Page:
Hope fades fast for financing the renovation in 2015

The dream is slipping away.   I’m talking about the dream of doing the addition this year.  It’s probably not going to happen until next year.  Here’s why:

First ball-park estimate for construction

We were at a home show a while ago.  And at the home show there was a construction company.  That construction company had shiny brochures and the representatives said the right things.  Plus they offer free estimates.  Last week, the owner of the company came around to our humble money pit to put some numbers to our project.

It wasn’t pretty.

First of all, we only did a five minute walk-through and he was only here for a little more than half an hour.  I tried to explain everything we wanted done and gave him a current copy of the architect’s drawings.  He said that he would have to sit down and work out the numbers but he figured it would be about $130,000.  That’s $30,000 more than we were hoping.  Not good.  But we could probably work with those numbers if it wasn’t for the septic system (which does not figure into that estimate).

The septic system:  same crap, different pile

We never heard back from the company that came out a few weeks ago to locate our leach field.  So I called a local septic inspector / designer / installer.

He took one look at our back yard and the location of the tank and said that our current system is not up to the current standards.  He wasn’t even taking into consideration the proximity to the house.  Our yard is just too small for a properly sized filter bed.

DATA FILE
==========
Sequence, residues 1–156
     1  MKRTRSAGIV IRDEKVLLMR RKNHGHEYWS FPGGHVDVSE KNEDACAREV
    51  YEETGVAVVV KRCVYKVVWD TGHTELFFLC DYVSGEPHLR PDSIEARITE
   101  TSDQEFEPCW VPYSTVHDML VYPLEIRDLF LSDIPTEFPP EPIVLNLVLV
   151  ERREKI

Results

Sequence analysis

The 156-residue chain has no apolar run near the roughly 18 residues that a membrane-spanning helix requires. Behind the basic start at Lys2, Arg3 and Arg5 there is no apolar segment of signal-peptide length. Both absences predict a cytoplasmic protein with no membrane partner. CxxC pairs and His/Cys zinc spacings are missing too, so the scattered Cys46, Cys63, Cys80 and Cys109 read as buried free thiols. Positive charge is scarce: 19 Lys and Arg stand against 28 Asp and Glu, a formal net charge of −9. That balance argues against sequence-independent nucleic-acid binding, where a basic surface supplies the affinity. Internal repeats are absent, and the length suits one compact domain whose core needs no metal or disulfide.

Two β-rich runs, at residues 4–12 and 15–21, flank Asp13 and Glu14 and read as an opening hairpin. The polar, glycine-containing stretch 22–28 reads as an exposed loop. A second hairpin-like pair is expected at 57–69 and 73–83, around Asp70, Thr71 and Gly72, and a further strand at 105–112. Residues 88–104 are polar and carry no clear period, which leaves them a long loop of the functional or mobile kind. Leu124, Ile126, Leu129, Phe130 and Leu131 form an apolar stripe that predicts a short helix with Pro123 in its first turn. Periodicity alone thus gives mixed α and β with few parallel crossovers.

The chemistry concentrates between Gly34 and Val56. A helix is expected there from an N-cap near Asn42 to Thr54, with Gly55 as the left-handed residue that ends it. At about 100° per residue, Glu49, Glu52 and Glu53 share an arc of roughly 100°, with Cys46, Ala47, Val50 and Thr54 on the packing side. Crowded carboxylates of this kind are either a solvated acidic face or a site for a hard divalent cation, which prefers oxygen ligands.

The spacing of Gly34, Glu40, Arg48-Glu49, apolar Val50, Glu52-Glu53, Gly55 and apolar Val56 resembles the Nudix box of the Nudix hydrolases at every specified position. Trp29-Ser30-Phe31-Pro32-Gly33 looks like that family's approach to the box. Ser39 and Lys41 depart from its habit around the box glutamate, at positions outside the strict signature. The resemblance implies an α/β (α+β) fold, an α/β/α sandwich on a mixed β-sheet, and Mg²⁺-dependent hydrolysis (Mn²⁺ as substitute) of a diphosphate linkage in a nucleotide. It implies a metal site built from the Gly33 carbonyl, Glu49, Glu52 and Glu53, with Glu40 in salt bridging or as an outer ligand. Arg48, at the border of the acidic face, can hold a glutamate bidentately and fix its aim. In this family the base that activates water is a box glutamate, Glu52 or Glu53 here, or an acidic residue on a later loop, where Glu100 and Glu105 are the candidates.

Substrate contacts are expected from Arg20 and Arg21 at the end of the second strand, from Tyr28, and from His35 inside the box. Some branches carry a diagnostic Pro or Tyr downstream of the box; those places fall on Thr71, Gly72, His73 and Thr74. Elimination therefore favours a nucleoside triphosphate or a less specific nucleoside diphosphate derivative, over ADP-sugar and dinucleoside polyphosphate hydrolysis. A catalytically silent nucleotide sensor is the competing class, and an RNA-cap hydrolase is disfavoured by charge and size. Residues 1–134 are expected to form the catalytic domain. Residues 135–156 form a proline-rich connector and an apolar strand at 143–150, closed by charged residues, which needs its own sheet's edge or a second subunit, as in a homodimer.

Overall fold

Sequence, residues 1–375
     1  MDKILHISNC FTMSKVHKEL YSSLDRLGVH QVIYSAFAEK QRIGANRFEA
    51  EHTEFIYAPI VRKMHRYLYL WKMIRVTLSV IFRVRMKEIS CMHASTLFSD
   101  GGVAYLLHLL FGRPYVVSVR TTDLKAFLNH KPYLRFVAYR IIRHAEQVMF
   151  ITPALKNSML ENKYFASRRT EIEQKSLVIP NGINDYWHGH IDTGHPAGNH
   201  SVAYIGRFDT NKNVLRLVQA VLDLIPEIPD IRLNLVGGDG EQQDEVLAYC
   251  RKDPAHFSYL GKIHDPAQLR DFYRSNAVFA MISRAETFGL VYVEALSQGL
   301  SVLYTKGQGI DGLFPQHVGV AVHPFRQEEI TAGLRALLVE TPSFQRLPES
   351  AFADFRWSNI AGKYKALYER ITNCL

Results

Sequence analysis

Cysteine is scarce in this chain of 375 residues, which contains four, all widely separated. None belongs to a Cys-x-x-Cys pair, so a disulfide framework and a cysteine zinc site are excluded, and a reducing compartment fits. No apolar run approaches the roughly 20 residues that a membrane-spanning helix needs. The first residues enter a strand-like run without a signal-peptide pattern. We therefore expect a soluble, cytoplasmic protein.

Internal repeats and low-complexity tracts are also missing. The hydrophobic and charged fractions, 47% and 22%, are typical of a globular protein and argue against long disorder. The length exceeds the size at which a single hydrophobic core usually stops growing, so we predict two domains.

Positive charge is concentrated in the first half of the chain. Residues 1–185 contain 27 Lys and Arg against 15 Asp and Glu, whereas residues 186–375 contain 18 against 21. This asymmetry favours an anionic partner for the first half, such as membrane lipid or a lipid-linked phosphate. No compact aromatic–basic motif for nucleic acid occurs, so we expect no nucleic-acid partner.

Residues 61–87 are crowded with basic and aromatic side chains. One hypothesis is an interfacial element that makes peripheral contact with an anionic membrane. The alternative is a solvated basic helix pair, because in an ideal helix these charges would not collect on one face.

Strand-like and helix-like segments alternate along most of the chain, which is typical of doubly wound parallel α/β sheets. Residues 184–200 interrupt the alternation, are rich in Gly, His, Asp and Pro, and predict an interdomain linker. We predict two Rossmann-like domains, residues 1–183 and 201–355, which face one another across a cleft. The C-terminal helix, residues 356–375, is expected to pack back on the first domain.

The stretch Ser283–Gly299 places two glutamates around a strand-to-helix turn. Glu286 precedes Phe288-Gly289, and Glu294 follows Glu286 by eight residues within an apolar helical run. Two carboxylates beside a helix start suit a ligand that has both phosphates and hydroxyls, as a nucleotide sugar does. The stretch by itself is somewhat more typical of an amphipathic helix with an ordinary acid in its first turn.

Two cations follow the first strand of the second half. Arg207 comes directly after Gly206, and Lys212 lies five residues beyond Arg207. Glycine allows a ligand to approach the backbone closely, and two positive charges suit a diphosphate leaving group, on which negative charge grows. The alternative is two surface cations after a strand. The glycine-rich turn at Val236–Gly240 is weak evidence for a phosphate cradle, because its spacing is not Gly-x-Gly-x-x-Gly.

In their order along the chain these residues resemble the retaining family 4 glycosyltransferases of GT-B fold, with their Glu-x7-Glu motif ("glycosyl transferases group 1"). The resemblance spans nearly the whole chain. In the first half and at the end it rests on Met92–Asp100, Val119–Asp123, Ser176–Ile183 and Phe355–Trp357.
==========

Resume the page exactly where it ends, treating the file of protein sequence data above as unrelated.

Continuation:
He also had concerns about the conservation land to the side and back of us, along with the flood plain (we live on a watershed).  We would be better off installing a new system in the front yard.

Because of our lot size, it would have to be a tertiary system, with a biofilter. Those systems ain’t cheap.

And because we were moving the system to the front, we would have to reconfigure some of our plumbing.  Especially the kitchen sink which drains to a grease trap, apparently.  Everything added together, we’d be looking somewhere in the neighborhood of $25,000.

That didn’t come as a surprise.  Unfortunately.  I was expecting the worst case scenario and that is what I got.

So with this massive increase in the total budget for all the work we want to do, we just can’t afford it this year. Not unless we catch a break on the assessed value of our house.  That piece of the puzzle is missing right now.  At this point, I am basing everything on my own conservative “best guess.”

We should be able to stash aside enough cash as well as decrease the mortgage enough that we will be able to afford the project in the spring of 2016.

The timeline could change, depending on other estimates for the construction and the actual assessed value of our house.  It might not be as bad as I think.  Or it could be worse.

But as we now head into May, the likelihood of finding a contractor who could fit this project in their schedule this year is fading fast.  We might have to delay the project until next year anyway.  Looking on the bright side, that will at least give us more time to tweak the architect’s drawings.

Because whenever we do this project, whether this year or next year, we want to make sure it is done right, exactly the way we want it.

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